The statistics are grim. About one in three college students experience some sort of significant mental health issue — depression, social anxiety, suicidal thoughts, eating disorders, you name it.
For years, the School of Public Health’s Dr. Daniel Eisenberg has looked for ways to effectively and efficiently improve the wellbeing of young people who struggle with mental health issues. A recurring roadblock, though, is that young people aren’t always open to treatment options.
“Our data documents that about 50 percent of students with significant mental health problems are not receiving treatment,” said Eisenberg, an associate professor of health management and policy. “Our hope is that digital services can help bridge that gap to some extent or supplement the services that they’re already receiving.”
His research findings inspired him to pursue the idea of creating a mental health-based mobile app that could promote help-seeking behavior, while introducing popular coping skills.
Dr. Eisenberg turned to Dr. Jasprit Singh, a U-M professor of electrical engineering and computer science who has built platform technology for mobile apps. Singh and his colleague John Hinckley have consulted with a number of U-M researchers on the development of mobile apps, and by creating a general platform, they can reduce costs and turnaround time.
“It’s still relatively unknown to many that you don’t have to be a coder to get into the area of app production,” Dr. Singh said. “And you don’t need $100,000 to create an app. If you have good ideas and a small amount of funding, you can create an app for as little as $5,000.”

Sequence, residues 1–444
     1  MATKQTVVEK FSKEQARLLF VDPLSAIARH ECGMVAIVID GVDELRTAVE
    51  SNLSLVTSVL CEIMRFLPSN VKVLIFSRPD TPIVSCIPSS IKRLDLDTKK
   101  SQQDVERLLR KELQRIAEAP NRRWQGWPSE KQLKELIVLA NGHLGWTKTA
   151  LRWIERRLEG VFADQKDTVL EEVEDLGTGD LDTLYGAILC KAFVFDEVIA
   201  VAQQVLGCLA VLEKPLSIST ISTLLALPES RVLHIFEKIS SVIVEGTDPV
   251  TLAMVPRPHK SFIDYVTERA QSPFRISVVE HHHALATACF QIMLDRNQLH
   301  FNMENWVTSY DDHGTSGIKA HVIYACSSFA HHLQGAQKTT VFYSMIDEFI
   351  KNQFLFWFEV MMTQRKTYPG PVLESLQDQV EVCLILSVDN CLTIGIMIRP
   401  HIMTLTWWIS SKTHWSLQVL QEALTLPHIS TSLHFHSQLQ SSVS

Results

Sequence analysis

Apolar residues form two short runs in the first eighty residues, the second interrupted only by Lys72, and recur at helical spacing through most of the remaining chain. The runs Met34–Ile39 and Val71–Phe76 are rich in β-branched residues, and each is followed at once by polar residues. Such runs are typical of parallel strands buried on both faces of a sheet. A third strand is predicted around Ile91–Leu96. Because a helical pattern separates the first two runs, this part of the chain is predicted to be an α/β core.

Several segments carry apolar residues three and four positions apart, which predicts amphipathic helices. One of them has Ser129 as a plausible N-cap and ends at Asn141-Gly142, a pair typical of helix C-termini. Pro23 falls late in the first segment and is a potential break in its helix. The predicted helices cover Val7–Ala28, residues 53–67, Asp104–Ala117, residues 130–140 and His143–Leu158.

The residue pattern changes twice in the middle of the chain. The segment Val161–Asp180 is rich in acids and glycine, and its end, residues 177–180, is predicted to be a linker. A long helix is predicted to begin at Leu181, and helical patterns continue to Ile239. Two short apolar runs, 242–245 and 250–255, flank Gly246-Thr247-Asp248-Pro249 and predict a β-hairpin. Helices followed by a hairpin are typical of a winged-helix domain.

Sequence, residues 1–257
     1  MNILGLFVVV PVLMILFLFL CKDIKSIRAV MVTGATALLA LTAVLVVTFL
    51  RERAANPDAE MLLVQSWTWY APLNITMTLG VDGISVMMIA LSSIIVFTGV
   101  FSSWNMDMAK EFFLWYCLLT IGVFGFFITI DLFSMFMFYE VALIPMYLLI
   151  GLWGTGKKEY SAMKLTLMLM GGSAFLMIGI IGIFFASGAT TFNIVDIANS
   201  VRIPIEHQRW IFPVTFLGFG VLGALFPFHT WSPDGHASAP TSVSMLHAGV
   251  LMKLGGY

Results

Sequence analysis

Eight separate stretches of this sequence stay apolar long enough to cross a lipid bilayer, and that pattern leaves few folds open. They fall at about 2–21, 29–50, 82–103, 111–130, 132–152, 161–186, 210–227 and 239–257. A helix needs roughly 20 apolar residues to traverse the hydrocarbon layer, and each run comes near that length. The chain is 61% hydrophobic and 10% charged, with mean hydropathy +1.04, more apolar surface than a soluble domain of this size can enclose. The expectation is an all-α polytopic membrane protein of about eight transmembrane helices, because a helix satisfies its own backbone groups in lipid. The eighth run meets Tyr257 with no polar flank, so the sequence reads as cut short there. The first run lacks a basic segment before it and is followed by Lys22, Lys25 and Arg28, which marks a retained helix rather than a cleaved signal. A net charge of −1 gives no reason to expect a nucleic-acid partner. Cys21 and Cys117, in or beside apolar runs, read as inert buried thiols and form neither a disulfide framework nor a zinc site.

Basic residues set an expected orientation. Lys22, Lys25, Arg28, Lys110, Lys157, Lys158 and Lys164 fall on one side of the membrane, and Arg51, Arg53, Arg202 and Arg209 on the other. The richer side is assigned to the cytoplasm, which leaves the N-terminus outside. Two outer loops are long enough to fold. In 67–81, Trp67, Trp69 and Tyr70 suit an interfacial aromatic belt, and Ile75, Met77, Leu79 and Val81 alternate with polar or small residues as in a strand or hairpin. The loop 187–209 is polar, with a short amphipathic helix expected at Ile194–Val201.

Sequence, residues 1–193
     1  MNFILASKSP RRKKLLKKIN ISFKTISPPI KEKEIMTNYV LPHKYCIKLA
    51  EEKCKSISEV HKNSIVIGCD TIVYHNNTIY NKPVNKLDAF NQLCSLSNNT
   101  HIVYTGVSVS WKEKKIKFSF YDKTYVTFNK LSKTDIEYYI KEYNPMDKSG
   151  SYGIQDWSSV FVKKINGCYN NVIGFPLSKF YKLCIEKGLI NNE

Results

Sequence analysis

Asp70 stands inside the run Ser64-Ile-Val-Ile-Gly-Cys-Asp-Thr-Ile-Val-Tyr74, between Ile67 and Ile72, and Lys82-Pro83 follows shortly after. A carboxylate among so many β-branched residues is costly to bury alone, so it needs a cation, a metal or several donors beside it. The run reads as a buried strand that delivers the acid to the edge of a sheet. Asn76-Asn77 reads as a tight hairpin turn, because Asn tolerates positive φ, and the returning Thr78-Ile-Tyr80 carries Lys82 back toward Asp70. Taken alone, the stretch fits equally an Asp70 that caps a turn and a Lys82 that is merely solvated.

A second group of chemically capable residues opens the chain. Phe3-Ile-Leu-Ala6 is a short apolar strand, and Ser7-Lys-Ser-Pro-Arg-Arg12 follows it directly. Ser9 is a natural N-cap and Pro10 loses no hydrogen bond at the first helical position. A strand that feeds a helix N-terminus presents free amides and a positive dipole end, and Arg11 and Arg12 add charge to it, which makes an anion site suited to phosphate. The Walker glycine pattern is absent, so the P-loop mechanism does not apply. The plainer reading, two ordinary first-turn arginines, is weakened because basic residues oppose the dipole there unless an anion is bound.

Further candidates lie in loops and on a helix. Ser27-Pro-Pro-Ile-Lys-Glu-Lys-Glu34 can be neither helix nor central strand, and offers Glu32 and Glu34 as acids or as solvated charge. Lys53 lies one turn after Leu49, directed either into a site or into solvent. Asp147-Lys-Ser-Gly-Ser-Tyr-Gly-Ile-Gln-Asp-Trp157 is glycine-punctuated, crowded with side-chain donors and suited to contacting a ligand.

Dr. Singh helped Dr. Eisenberg build Tinyshifts, an app that actively prompts users to answer questions about their mental health issues. Based on their responses, the app then recommends short videos, some of which are produced by U-M students.
“A lot of apps try to actively prompt users, but I think we have more reason to be hopeful than the average app,” Eisenberg said. “Our prompts might actually be welcomed instead of being considered annoying because our app is clearly designed to benefit people’s wellbeing. It’s something that everyone values.”
Tinyshifts is being user tested, and Dr. Eisenberg hopes to publicly launch the app this fall.
At first, Dr. Eisenberg was hesitant to pursue a mobile app, but working with Dr. Singh has convinced him that researchers worldwide are soon bound to pursue this route as technology continues to transform our everyday lives.
“There are so many professors at the University of Michigan who recognize the potential impact that mobile technology can have,” Dr. Singh said. “There are an estimated 1.3 billion smartphones out there, and they’re more than communication devices — they’re game changers. There is so much opportunity that researchers can tap into if you have the right kind of mobile technologies. Simply put, they’re one of our most powerful tools.”
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